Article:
Single sheet, 250x140mm, printed on both sides on yellow paper; engraved oval vignette depicting the vaults of the establishment; loss to lower corner, not affecting text, otherwise clean.
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Printed price list.
An attractive price list for one of our neighbours, the Gray’s Inn Wine Establishment, established by George Henekey in the early nineteenth century. An introduction tells us of the improvents and expansions that had been made to the premises to meet the increase in demand, while giving notice of some of the new additions, in particular the Rota Tent communion wine, which had previously ‘almost fallen into disuse from the substitution of an article of British manufacture’, but was now, thank the Lord, available once more, and supplied to almost all London churches. The price list, divided into wines in wood, wines in bottle, draught wines, French wines, wines of curious and rare quality, spirits of curious and rare quality, and foreign and British spirits, contains some 90 items, and is an unwitting insight into the limits of British trade at the time: the French wine section contains 7 wines, whereas the rest come almost exclusively from Spain, Portugal, and South Africa.
The building, at 23 High Holborn, is now the Cittie of Yorke pub; the cellar room depicted is still in use.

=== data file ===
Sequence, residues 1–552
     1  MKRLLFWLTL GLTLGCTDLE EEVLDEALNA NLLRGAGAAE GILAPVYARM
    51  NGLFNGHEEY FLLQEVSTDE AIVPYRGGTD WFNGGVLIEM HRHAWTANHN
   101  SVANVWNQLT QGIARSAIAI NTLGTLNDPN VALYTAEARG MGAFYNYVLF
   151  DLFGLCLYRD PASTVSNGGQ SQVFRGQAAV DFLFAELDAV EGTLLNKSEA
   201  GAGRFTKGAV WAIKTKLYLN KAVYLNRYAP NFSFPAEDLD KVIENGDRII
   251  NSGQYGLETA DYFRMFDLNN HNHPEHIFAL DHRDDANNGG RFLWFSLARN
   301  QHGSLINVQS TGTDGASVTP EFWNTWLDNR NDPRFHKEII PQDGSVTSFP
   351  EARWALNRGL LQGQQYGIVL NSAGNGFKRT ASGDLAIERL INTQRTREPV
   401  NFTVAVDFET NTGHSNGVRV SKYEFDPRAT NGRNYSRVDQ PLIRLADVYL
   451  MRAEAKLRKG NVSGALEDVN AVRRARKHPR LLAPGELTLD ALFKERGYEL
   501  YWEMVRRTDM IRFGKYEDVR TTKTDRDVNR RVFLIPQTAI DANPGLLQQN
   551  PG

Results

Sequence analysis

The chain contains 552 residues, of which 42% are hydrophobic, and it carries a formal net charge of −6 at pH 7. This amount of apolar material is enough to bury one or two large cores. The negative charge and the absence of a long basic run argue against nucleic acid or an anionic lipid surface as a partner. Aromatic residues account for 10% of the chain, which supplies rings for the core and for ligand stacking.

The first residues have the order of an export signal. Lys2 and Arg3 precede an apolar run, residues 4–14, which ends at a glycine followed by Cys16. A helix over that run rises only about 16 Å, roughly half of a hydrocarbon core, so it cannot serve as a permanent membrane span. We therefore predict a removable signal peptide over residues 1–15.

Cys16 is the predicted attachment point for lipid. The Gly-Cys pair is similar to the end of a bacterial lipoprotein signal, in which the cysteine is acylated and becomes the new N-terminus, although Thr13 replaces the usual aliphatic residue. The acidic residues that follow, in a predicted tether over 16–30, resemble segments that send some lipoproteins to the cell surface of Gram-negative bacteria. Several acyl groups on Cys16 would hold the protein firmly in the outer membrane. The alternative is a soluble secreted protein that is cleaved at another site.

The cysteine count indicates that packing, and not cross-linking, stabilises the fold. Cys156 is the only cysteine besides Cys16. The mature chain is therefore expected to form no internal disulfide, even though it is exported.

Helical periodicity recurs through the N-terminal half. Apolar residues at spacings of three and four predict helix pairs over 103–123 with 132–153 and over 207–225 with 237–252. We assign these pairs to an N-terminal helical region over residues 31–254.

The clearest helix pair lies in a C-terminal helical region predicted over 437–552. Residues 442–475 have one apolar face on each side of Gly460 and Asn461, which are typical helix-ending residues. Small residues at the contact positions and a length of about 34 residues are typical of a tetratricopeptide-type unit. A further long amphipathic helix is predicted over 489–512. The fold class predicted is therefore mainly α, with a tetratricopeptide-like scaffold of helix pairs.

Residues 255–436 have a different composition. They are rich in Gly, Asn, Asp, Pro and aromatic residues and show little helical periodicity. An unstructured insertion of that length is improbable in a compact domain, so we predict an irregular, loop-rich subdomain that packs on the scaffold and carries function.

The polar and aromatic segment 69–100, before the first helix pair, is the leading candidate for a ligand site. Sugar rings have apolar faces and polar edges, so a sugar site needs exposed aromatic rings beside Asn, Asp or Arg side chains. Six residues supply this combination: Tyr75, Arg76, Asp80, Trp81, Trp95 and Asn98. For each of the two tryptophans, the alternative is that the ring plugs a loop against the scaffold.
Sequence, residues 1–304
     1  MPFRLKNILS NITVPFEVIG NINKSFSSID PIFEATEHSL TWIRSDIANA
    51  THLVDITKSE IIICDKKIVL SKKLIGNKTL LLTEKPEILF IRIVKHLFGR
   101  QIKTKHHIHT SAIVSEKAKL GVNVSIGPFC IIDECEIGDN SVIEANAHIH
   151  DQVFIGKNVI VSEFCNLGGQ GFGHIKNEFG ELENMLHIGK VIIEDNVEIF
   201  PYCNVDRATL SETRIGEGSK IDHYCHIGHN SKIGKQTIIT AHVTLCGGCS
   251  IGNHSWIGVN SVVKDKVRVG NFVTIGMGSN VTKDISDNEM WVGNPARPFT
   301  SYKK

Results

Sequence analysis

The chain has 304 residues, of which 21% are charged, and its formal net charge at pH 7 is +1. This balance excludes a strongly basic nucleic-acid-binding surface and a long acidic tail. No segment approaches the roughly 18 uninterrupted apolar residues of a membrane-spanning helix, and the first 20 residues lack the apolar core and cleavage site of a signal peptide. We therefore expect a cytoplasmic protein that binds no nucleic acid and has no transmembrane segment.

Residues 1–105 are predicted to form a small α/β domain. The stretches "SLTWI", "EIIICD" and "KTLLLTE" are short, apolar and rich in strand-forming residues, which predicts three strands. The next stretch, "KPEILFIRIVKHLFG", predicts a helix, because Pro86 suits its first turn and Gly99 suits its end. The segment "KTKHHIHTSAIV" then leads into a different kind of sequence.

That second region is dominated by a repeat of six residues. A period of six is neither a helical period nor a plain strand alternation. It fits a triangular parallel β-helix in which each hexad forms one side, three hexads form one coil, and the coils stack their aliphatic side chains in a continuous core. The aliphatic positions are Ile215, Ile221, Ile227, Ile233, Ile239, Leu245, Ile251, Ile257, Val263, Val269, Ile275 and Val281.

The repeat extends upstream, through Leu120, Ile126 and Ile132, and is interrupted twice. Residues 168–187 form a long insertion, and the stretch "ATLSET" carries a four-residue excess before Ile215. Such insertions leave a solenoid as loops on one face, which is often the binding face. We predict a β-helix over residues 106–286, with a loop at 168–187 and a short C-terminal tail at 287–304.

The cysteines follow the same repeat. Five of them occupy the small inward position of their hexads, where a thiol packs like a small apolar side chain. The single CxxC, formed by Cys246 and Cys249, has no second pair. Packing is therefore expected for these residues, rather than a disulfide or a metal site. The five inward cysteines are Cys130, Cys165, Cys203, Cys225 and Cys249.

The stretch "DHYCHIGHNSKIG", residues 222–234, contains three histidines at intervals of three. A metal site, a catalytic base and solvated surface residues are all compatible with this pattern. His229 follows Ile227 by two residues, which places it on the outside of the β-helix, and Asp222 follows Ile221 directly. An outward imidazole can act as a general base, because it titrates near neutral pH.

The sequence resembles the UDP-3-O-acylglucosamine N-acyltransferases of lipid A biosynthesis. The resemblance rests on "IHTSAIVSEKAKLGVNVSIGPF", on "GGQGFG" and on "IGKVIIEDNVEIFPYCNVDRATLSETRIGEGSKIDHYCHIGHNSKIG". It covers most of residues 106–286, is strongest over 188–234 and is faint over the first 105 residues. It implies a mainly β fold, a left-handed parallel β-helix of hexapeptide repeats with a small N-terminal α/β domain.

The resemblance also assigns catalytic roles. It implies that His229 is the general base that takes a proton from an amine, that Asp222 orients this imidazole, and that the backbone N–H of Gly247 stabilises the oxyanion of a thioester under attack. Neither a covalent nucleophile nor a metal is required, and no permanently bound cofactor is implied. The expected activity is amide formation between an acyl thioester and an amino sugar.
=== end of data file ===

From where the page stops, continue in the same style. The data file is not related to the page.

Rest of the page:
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VALENTINE, James (photographer).
Album of Scottish views, mainly of Stirling and surroundings.
A handsome example of a topographical view album by the Scottish photographer James Valentine, focusing on Stirling and the surrounding areas.
The images include ‘Stirling Castle from King’s Knott’ and several other views of Stirling Castle, ‘Vale of Monteith from Stirling’; ‘Bruce statue looking to Wallace’; ‘Windings of the Forth and Abbey Craig, Stirling’; ‘King Street, Stirling’; ‘Cambuskenneth Abbey and tomb of James III’; ‘Field of Bannockburn from Gillies Hill’; ‘On the Allan Water’; ‘Kier House’; ‘Dunblane Cathedral from river’; ‘Doune Castle’; ‘Callander from west’; ‘Silver Strand, Loch Katrine’; ‘Ellen’s Isle and Ben Venue, Loch Katrine’; ‘Luss Pier, Loch Lomond’; ‘Camstradden Bay, Loch Lomond’; and ‘Inversnaid Falls’.
James Valentine (1815–1879) was an engraver and photographer from Dundee who was one of the original members of the Edinburgh Photographic Society, founded in 1861. By the end of the 1850s he had established himself as a portrait photographer and then, after instruction under Francis Frith in Reigate, Surrey, he began to photograph landscapes as well.
He converted a barouche into a mobile dark-room and travelled around Scotland building a portfolio of topographical views which brought him to Queen Victoria’s attention in 1864 and eventually led to him being granted a royal warrant in late 1867. As ‘photographer to the Queen’ he sold individual albums, such as the present one, for prices ranging from half a guinea to 12 guineas aimed at upper and middle class tourists. James Valentine had two sons who followed him into the business and were constantly experimenting with new techniques; the firm became the longest-running photographic publishers in Britain.
DEGUERLE, Jean Nicolas Marie.
An apparently unrecorded collection of verses inspired by the Augustan poets by the French poet, translator, and educator Jean Nicolas Marie Deguerle (1766 – 1824).